Sometimes life changes in a major way, but sometimes it keeps changing in many smaller ways and you keep moving, or, as in Pam’s case, you keep dancing!
Pam has always danced. She was teaching dance improvisation in Melbourne 20 years ago when she travelled to Argentina and fell in love with Tango. It was not simply the dance she fell in love with, but everything that surrounded it. “Tango is a social force. It allows all ages and all levels of skill to participate. It is respectful of older people. Dance is an invitation and guidance and a respect of shared space” she says.
Then her husband hurt his back and she was diagnosed with breast cancer with complications associated with her treatment. While she recovered, she noticed that she felt “not in balance”. Tango relies on fine balance and she needed to work on regaining that.
Around that time, they moved to Geelong and discovered the Christ Church community that supports people on the margins of society. Pam notes that these are people without support, or with health problems, homeless or have served prison terms. “They are a colourful group but they all have names and stories. Tango began with those seen as ‘on the edge’ of society, so this, she felt, was the perfect place for her to begin a community Tango group on Monday evenings.
“Over the year as I began to feel better, we established a second group on Wednesdays as a social experiment”. With Dementia Victoria and under the umbrella of Southern Cross dance, Jan established ‘Gentle Tango’. This group is for people who may not see themselves as being able to dance or learn new steps. Here someone with dementia comes with their partner or carer, and both dance. The guidance of an arm, and the music, helps them learn and remember the movements. Pam laughs as she mentions that often this group learn faster than her Monday group.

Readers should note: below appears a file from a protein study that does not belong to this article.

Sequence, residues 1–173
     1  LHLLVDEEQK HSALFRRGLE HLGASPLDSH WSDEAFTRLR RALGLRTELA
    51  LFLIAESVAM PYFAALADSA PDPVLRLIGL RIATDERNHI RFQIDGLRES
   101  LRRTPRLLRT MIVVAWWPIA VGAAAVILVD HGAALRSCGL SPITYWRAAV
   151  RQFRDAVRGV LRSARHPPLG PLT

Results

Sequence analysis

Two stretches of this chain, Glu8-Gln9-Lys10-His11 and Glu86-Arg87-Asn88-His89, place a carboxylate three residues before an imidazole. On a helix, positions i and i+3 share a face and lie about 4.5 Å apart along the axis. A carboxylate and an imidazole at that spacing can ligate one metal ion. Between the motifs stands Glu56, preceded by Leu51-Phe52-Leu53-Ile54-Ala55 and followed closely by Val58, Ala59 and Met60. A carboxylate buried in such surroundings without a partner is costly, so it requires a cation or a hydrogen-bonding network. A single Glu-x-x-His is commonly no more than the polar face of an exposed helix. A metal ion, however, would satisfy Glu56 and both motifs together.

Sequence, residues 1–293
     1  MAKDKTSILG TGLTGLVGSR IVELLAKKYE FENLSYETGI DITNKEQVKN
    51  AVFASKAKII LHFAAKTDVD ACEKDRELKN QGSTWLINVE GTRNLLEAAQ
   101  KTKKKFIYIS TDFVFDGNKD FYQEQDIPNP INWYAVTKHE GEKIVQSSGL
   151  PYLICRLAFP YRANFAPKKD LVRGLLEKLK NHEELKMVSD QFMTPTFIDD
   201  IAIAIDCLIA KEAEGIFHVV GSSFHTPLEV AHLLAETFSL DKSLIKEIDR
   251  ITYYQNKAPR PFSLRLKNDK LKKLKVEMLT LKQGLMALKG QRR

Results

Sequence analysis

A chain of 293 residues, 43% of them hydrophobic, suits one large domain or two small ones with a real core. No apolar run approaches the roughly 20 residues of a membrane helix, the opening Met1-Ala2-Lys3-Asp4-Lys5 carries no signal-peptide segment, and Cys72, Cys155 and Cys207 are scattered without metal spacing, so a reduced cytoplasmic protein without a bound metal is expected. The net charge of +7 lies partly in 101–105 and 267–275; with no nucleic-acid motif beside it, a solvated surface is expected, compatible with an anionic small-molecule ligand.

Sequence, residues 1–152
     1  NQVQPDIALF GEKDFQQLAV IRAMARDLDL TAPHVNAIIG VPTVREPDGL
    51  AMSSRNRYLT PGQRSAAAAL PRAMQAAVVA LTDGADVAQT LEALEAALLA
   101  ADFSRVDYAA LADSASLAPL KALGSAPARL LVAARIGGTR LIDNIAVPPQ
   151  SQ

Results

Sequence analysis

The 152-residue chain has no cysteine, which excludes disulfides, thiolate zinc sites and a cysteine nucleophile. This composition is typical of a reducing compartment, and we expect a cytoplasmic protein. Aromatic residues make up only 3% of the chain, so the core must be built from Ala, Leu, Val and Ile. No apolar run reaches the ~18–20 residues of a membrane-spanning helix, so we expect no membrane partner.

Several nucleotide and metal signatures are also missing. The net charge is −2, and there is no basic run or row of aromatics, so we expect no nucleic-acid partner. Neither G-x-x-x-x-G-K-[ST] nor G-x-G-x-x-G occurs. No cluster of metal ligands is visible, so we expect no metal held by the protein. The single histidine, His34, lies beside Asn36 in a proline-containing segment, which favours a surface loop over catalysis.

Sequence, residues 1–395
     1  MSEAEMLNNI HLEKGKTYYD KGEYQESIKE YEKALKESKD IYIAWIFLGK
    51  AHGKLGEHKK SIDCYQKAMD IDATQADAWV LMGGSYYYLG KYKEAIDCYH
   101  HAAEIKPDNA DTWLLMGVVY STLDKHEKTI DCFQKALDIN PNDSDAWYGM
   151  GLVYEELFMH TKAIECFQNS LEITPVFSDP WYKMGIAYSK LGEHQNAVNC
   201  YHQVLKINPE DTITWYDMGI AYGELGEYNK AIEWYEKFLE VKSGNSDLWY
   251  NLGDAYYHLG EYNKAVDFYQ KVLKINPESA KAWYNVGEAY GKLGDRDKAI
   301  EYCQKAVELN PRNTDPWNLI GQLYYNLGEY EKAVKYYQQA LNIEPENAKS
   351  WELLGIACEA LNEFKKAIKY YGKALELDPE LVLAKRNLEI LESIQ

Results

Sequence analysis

The group has welcomed people with Parkinson’s disease, multiple sclerosis, arthritis and other health or movement issues, as well as those who have lost someone or who simply do not like driving at night … all have found a place here, and all dance. Pam uses her knowledge of movement together with understanding what each person is dealing with, to manage the movements so that everyone can participate. “The beauty and vibrancy can get lost in the pain and the disease but it bubbles back to the surface when there is music and dance.
Pam also has a woman’s improvisation group that encourages women to feel more positive about their bodies. “Every older woman I know is unhappy with their body. I tell them how beautiful they are because we have movement”. The women leave bouncing and happy.
Life keeps changing, but dance has been a constant joy, not just for Pam, but for everyone she touches.
With each word said distinctly, she finishes with a simple but profound message: “Every. Body. Can. Dance!”
Photo: Phil Hines Photography